LESSON 6 The prairie on fire(II)
Before time had been allowed for remonstrance, the old man, who had continued during the whole scene like one much at a loss how to proceed, though, also, like one who was rather perplexed than alarmed, suddenly assumed a decided air, as if he no longer doubted as to the course it was most advisable to pursue.
"It is time to be doing," he said, interrupting the controversy that was about to ensue between the naturalist and the bee hunter; "it is time to leave off books and moanings, and to be doing."
"You have come to your recollection too late, miserable old man!" cried Middleton. "The flames are within a quarter of a mile of us, and the wind is bringing them down in this direction with dreadful rapidity."
"Anan! the flames! I care but little for the flames! If I only knew how to circumvent the cunning of the Tetons as I know how to cheat the fire of its prey, there would be nothing needed but thanks to the Lord for our deliverance. Do you call that a fire! If you had seen what I have witnessed in the eastern hills, when mighty mountains were like the furnace of a smith, you would have known what it was to fear the flames, and to be thankful that you were spared.—Come, lads, come; 'tis time to be doing now, and to cease talking, for yonder curling flame is truly coming on like a trotting moose.(1) Put hands upon this short and withered grass where we stand, and lay bare the earth."
"Would you think to deprive the fire of its victims in this childish manner?" exclaimed Middleton.
A faint but solemn smile passed over the features of the old man, as he answered, "Your grandfather would have said, that when the enemy was nigh, a soldier could do no better than obey."
The captain felt the reproof, and instantly began to imitate the industry of Paul, who was tearing the decayed herbage from the ground in a sort of desperate compliance with the trapper's direction. Even Ellen lent her hands to the labour; nor was it long before Inez was seen similarly employed, though none among them knew why. A very few moments sufficed to lay bare a spot of some twenty feet in diameter.
To one side of this little area the trapper brought the females, directing Middleton and Paul to cover their light and inflammable dresses with the blankets of the party. Then the old man, crossing to the other side, approached the grass, which still environed(2) them in a dangerous circle, and selecting a handful of the driest of the herbage, he placed it over the pan of his rifle. The light combustible kindled at the flash. Then he placed the little flame in a bed of the standing fog, and patiently awaited the result.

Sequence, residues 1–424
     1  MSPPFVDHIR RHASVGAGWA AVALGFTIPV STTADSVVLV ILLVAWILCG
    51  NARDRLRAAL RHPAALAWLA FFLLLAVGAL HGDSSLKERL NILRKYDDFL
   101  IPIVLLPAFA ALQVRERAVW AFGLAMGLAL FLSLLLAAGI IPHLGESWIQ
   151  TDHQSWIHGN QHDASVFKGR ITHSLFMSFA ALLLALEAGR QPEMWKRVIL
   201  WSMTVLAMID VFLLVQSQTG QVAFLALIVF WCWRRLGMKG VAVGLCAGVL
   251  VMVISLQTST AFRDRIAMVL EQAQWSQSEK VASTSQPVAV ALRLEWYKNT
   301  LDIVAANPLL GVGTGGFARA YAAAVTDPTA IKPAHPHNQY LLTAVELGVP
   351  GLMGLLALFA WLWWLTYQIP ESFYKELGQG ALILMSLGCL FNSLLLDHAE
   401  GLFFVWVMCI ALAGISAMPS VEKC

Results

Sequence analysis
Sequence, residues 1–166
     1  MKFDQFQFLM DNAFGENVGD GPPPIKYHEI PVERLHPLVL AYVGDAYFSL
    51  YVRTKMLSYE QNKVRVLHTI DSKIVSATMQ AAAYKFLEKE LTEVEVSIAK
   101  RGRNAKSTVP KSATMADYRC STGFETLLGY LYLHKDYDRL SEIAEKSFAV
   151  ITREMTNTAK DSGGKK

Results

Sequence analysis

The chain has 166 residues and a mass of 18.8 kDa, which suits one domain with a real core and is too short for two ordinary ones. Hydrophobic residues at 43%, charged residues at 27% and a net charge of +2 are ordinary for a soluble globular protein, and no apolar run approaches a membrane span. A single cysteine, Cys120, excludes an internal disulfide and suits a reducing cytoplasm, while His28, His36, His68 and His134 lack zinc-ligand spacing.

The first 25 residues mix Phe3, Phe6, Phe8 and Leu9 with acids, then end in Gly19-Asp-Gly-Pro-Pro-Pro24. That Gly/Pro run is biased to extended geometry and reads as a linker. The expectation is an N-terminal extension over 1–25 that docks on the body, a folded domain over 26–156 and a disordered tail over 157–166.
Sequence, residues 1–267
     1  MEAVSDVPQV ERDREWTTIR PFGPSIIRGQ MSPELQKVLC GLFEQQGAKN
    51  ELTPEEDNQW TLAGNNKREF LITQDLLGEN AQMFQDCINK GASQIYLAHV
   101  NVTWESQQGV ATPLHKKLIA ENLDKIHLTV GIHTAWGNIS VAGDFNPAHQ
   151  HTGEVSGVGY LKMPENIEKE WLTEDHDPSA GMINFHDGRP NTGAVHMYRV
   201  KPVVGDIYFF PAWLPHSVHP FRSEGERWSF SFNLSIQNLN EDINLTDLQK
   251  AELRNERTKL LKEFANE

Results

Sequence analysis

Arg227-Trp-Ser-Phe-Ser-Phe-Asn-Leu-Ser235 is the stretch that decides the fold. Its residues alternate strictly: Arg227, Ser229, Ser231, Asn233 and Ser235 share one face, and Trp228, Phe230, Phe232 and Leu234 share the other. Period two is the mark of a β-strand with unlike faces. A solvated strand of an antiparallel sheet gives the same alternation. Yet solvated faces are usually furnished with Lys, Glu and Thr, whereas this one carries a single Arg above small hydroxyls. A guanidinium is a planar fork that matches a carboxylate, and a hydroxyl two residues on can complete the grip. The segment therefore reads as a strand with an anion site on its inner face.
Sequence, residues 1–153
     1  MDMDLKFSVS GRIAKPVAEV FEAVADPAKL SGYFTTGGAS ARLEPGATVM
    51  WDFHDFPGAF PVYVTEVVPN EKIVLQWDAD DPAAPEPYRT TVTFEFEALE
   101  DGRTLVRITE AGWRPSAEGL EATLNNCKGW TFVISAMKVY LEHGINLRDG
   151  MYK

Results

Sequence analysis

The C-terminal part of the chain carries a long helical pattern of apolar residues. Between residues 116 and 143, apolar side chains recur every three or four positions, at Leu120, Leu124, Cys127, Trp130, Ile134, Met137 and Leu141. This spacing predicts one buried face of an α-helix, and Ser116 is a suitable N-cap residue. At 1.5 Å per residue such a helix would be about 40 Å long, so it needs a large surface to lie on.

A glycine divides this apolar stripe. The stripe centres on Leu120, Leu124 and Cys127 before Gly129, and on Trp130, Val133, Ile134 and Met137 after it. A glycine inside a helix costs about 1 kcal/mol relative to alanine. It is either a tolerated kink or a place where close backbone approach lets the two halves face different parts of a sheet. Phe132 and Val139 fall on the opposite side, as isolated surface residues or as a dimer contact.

The subtle element seized with avidity upon its new fuel, and in a moment forked flames were gliding among the grass, as the tongues of ruminating(3) animals are seen rolling among their food, apparently in quest of its sweetest portions.
"Now," said the old man, holding up a finger, and laughing in his peculiarly silent manner, "you shall see fire fight fire. Ah's me! many is the time I have burned a path from wanton laziness to pick my way across a tangled bottom."
"But is this not fatal?" cried the amazed Middleton; "are you not bringing the enemy nigher to us, instead of avoiding it?"
"Do you scorch so easily? Your grandfather had a tougher skin. But we shall live to see,—we shall all live to see.
The experience of the trapper was in the right. As the fire gained strength, it began to spread on three sides, dying of itself on the fourth for want of aliment. As it increased, and the sullen roaring announced its power, it cleared everything before it, leaving the black and smoking soil far more naked than if the scythe had swept the place. The area in which the fugitives had taken refuge increased as the fire advanced; and by going to the spot where it had been first kindled by the trapper, they avoided the excessive heat. In a very few moments the flames began to recede in every direction, leaving the party enveloped in a cloud of smoke, but perfectly safe from the torrent of fire that was still furiously rolling onward.
The others regarded the simple expedient of the trapper with that species of wonder with which the courtiers of Ferdinand(4) are said to have viewed the manner in which Columbus made his egg to stand on its end,—though with feeling that were filled with gratitude instead of envy.
"Most wonderful!" said Middleton, when he saw the complete success of the device: "the thought was a gift from Heaven."
"Old trapper," cried Paul, thrusting his fingers through his shaggy locks, "I have lined many a loaded bee into his hole, and know something of the nature of the woods, but this is robbing a hornet of his sting without touching the insect!"
"It will do—it will do," returned the old man, who, after the first moment of his success, seemed to think no more of the exploit. "Let the flames do their work for a short half hour, and then we will mount. That time is needed to cool the meadow; for these unshod beasts are tender on the hoof as a barefooted girl."
The veteran, on whose experience they all so implicitly relied for protection, employed himself in reconnoitring objects in the distance, through the openings which the air occasionally made in the immense bodies of smoke, that by this time lay in enormous piles on every part of the plain.
—J. Fenimore Cooper.(5)
What did the trapper presently instruct his companions to do? How large a space did they clear? Where did the trapper place the females? What did the trapper do at the other side? What was the result? With what feelings did the others regard the trapper's device?